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Posts published in “Day: July 16, 2002

Pet of the Week

July 16, 2002

This week’s featured pets are brothers, two playful Chow mix puppies, about eight weeks old. One is black with tan accents on his legs and chest and the other tan with black accents in the same pattern.

They have both been neutered and have had all of their puppy shots.

To adopt one or both, go to the Harris County Rabies/Animal Control shelter at 602 Canino just west of the Hardy Toll Road. For hours and information, please call 281-999-3191.

Butterfly Weekend at Jesse H. Jones Park

For those with an interest in the fanciful variety of butterflies found in the area, the place to be this weekend is Jesse H. Jones Park & Nature Center, as the park presents programs on Butterflies of Houston and Building a Butterfly Feeder, as well as a Butterfly Open House throughout the weekend.

The weekend’s lepidopteran extravaganza begins Saturday, July 20 at 10 a.m. as noted butterfly photographer Farrar Stockton shares his knowledge and wonderful slides with the audience during Butterflies of Houston. This is an excellent opportunity to learn more about the beautiful butterflies found in our area.

The topics discussed during Mr. Stockton’s talk are brought to life Saturday and Sunday afternoon from 1 p.m. to 4 p.m. during Butterfly Open House. Visitors can view Jones Park’s butterfly nursery and see local butterflies in different stages of life, or even witness the release of some of these “flying flowers.” And Don Olhausen, Jones Park’s own version of the Moth Man, will be on hand to answer visitors’ questions.

The weekend’s events conclude Sunday at 2 p.m. with Building a Butterfly Feeder. Participants ages five and older build their very own butterfly feeder which can be decorated and taken home to entice these winged jewels into your yard. Reservations are required.

Jesse H. Jones Park & Nature Center, a Harris County Precinct 4 facility, is located at 20634 Kenswick Drive in Humble. All programs are free of charge and open to the public. Harris County Precinct 4 programs serve people of all ages regardless of socioeconomic level, race, sex, religion, national origin or physical ability. For more information on the park or any of its programs, call 281-446-8588 or visit the Jones Park web site at

‘Road’ to greatness

Tom Hanks plays a mob hit man who must protect his son played by Tyler Hoechlin in the best movie of the year “Road to Perdition.”

Two intelligent, wonderful movies opened last Friday. One will get lots of press and hopefully will be seen by scads of moviegoers, which it fully deserves. The other will get less press and viewers, though it also deserves lots of attention.
“Road to Perdition” is the better of the two and it will receive many accolades. It may only be July, but it’s a shoe-in for Oscar nominations in many categories. It’s easily the best movie of the year so far and it will be hard to beat.

There’s also “Sunshine State,” playing only at Landmark’s River Oaks. It might not have acting legends like Paul Newman and Tom Hanks in it and a multi-million dollar ad campaign, but it too is a film that should not be missed. I was going to write about both movies, but each deserves its own review. So, John Sayles new film “Sunshine State” will have to wait for next week. But you don’t have to, go see both wonderful films soon and often.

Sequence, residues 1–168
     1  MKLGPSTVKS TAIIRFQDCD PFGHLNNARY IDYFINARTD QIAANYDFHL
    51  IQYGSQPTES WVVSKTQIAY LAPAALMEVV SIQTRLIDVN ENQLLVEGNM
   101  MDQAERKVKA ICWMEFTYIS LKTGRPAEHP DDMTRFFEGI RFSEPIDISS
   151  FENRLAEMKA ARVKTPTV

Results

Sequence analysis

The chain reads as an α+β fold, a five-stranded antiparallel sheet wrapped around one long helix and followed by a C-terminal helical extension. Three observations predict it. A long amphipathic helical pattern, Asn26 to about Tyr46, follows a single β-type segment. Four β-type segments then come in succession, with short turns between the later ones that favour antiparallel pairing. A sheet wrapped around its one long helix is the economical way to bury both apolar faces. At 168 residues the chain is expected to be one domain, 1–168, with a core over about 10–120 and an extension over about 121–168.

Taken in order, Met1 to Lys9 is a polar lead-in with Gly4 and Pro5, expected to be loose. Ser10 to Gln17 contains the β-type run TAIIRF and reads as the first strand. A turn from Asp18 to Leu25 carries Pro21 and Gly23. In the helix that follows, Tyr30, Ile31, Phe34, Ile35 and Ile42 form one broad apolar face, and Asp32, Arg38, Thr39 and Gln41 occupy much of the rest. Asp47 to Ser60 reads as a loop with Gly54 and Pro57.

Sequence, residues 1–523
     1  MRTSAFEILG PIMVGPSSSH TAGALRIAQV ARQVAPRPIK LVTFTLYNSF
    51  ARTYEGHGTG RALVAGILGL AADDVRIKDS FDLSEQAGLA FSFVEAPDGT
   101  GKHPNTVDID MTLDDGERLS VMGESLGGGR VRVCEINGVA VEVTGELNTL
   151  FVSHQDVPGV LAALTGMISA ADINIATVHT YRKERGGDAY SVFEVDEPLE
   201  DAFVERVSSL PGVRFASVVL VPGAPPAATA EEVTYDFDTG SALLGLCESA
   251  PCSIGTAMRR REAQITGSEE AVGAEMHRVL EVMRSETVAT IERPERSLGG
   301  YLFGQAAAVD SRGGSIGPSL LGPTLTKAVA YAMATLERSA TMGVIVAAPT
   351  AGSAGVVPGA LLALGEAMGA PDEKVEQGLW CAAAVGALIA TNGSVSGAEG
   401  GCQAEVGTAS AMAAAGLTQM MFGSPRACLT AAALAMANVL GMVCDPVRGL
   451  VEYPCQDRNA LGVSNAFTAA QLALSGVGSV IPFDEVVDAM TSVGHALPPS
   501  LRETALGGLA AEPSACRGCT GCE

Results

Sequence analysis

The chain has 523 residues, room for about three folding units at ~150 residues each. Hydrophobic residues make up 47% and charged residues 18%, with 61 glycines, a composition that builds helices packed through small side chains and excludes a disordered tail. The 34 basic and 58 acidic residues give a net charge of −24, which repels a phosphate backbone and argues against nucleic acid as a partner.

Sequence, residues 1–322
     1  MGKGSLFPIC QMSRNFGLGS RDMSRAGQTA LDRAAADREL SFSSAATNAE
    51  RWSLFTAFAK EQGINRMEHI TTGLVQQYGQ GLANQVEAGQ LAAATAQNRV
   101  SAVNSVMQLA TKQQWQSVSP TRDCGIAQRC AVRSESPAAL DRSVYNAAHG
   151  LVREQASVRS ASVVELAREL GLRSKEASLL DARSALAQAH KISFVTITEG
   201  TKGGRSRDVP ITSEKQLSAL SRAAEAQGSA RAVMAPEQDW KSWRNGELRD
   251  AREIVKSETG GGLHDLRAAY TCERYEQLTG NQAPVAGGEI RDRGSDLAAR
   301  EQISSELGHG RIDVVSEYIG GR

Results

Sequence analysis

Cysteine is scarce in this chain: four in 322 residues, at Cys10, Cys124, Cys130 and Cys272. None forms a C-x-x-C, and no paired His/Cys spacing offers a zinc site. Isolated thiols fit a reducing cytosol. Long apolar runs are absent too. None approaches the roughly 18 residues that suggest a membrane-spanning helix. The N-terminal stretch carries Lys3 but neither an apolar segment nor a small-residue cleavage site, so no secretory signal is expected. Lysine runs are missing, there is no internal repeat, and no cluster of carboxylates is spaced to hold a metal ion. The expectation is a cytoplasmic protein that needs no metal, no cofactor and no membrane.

Both movies are great because the writing is interesting and authentic, the acting is masterful and the directing is near perfect. This is especially true of Sam Mendes direction of “Perdition,” only his second movie. His first was the love it or hate it Oscar winning “American Beauty.”

My father asked me how I could think of “Beauty” as entertainment. I said it’s much more than entertainment, it is art and it is commentary on the times.

As with that movie, there is commentary on the times – the time is 1931 – and this is art in its finest film form. It also has people making life-altering decisions and there is tragedy, but Mendes’ latest is easier to love – probably because the times are different, our continued fascination with gangsters and, not to give anything away, the ending, if not really happy, does show promise of the future.

Like “Beauty,” “Perdition” is not always pleasant to watch, but it’s gripping and evenly paced like great literature, which draws you in and holds you close even as you realize something tragic is going to happen.

And tragic it is, so much so that I could not breathe at times I was so tense with anticipation, dread, fear and the excitement of knowing I was watching a great movie – a movie destined to be a classic.

As with great literature, there are multiple meanings or interpretations about many aspects of the story, starting with its title. Perdition means complete loss or ruin, to have lost one’s soul or hell, it is also the name of a town the Tom Hanks’ character, Mike Sullivan, is taking his 12-year-old son to for safe keeping while he avenges the murders of his wife and other son.

Each meaning has a place in the scheme of things. The movie is not just about perdition, it’s about pay back, redemption, blood loyalty and the relationship between fathers and sons.

Things go horribly wrong when the 12-year-old, Michael (newcomer Tyler Hoechlin), hides in dad’s car because he wants to know exactly what stern, serious pop does for a living. He sees dad and one of dad’s colleagues in action – killing people. Sullivan works for the head mobster in the area, John Rooney (Paul Newman), who is also a father figure to him.